that occurred when the South Korean Navy forced North Korean patrol craft to retreat to their side of the Northern Limit Line, which defines the North-South territorial waters of the West (Yellow) Sea. The story rolls along on two separate wheels of time: 1997 and 2007. In 1997, the woman is the stronger of the two. Lying on a bed that gives off a faint scent of mold, she casually asks: “Who do you think is going to be the next president?” She is a kind of woman who, while in an act of intimacy, repeatedly blurts out: “I feel uneasy.” It’s only when the man reaches the very limits of endurance that she offers him her body, as if doing him a favor. Still in their younger years, they are both single, never married. But the woman is determined to escape from their insufferable poverty. The consequences of Korea’s financial crisis, also known as the “IMF crisis,” are readily evident. They manage to love each other for a while, even as “numerous people who were doing well end up in the street,” but they ultimately part ways. As a parting gesture, the man buys the woman a necklace and a pricey outfit before their breakup. Ten years go by, and the man and the woman meet again. While it was by chance for one of them, it was by necessity for the other. Obsessed with the thought that he had to find her, the man turns to the Internet. Making his way through a list of a hundred or so women who all have the same name, eliminating one after anothKo re a n Cu l tu re & A rts
er, he finally tracks her down: a splendid feat of dogged persistence. At last, they reunite, in a restaurant bungalow amidst a lush valley with chestnut trees. They are both married now, but not to each other. The man operates a small hagwon with his wife, back in his hometown; the woman, thanks to her husband’s promotion to branch manager, now has the privilege of being addressed as samonim . Emptying bottles of soju and picking at chicken pieces, the couple erases the time that has passed since they were last together. Though it might be just another scandalous affair in the eyes of others, the two are lovers, reunited. But their love is different from what it was 10 years earlier. The sports star they watch on the motel television is now Park Ji-sung, not Park Chan-ho, and there is a different president as well. And something else has also changed. The woman who once forced such lessons of endurance has undergone a 180 degree transformation; now, she is the one who throws herself at him. When her young son calls, she tells him: “Mommy’s seeing a friend — I’ll be home in a little while.” The “I feel uneasy” she once repeated whenever they were together has been replaced with a near-chant of “I’m happy.” And yet, soon enough, the two once again sense the approach of a second parting. To the same question of who might become the next president, the reply is an apathetic: “What does it matter?” The story’s two parts have the headings, “1997, Before and After Parting” and “2007, Before and After Parting: Revisited.” The “Revisited” can be seen as a witty commentary on why infidelity is never beautiful. Remove another layer, and it can also be read in a political context. This structure is perhaps a parody of “The Before and After of Liberation,” a series of texts that gained popularity during the Korean student movement of the 1980s, and “The Before and After of Liberation: Revisited,” which came 20 years later. In this light, the story is critical of a middle class whose political involvement dissipated once their circumstances became more K o r e a n a ı S u mme r 2 012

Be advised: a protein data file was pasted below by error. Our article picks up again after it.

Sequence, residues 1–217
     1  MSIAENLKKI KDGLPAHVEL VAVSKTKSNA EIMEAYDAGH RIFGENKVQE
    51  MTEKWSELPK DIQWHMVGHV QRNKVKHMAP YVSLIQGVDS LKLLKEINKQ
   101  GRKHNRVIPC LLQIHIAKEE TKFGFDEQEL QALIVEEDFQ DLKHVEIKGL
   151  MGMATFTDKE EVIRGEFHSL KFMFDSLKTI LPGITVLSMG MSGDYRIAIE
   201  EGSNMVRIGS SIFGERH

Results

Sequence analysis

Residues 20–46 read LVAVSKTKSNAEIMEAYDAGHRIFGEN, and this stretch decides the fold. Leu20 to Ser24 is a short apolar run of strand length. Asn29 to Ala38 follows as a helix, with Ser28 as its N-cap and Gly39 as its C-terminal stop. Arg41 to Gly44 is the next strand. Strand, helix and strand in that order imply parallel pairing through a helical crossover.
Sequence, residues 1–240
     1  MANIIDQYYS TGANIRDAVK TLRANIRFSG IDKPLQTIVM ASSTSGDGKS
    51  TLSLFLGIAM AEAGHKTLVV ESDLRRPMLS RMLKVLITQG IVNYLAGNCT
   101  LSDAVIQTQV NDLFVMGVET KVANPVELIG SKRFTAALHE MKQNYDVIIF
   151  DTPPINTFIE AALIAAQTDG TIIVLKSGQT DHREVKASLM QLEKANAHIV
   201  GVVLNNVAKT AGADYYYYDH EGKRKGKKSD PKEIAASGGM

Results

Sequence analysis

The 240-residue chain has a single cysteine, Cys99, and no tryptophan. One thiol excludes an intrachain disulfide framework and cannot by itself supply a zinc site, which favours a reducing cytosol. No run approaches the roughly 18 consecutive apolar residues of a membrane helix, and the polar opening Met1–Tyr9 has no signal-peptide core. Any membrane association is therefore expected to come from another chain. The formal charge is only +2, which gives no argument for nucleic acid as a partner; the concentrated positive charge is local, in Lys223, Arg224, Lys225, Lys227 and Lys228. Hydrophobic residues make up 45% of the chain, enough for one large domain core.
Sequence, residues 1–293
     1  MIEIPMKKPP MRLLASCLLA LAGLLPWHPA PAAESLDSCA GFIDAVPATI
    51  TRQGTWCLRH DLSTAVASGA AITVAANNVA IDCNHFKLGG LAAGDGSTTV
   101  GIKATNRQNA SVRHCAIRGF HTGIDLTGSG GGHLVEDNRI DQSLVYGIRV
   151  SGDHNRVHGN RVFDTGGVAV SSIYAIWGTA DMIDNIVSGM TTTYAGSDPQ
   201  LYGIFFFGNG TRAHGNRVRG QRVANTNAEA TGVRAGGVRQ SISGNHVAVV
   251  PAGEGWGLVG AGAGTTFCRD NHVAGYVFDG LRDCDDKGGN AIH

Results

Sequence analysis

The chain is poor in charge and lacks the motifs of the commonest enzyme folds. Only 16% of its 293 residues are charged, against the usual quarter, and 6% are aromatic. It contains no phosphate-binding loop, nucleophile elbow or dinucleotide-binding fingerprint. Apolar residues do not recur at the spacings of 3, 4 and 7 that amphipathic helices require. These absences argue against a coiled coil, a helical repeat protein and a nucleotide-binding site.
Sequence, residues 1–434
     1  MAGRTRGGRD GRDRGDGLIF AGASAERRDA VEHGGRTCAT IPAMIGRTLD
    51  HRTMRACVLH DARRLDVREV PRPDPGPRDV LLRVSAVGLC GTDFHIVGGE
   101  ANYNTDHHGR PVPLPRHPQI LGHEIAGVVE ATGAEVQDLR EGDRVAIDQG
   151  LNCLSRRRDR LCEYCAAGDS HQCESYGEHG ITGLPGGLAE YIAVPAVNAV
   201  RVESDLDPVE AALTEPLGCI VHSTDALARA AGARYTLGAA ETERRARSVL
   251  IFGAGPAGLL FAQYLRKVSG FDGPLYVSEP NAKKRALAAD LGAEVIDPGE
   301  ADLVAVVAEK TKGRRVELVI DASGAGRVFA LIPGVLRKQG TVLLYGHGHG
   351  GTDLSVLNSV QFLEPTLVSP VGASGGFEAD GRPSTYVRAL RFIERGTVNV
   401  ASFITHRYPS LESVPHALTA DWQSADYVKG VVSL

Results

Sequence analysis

comfortable. In essence, the author uses the microscopic lens of a romantic entanglement to offer a captivating variation of the macroscopic impact of liberation from Japanese rule and the onset of the Korean War. A lifelong resident of Gangwon Province, Kim Do-yeon made his literary mark in 1991, when he earned an award from the Kangwon Ilbo newspaper. His assets include the snow and wind and the loneliness of the region’s majestic mountains. There was a time when he left this snow and wind behind, if only temporarily. After attending Jinbu Middle School, deep in the mountains of Daegwallyeong-myeon, Yucheon-ri, he made his way to the city of Chuncheon (also in Gangwon Province) for high school. In the end, however, he found his time at Chuncheon High School to be no less lonely. There might have been less snow and wind, but the loneliness remained. His only salvation was his writing. Even after his literary debut, Kim could hardly eke out a livelihood from his writing, while the café he opened, with a loan from his father, went out of business in less than a year. It was this harsh reality that forced him to return to his hometown. In 2000, Kim stole back home like a thief in the night, promising himself he would again leave when the days grew warmer; but spring came and went and Kim remained. Ultimately, the man of “Before and After…,” in returning, defeated, to his hometown, likely reflects this aspect of the writer’s own life. To get to Gangwon Province from Seoul, you must pass through a series of tunnels. Exit one tunnel, and it is snowing; exit another tunnel, and the wind blows so hard it can shake the passing vehicles. Pass through the final tunnel and you can be overcome by loneliness. Passing through these tunnels, one after another, may help Kim Do-yeon’s writing to sink in more fully. “Before and After Parting: Revisited” should be approached in the same way. The paradox of this parting comes again after a 10-year hiatus, but with a refrain of “I’m happy” rather than “I feel uneasy.”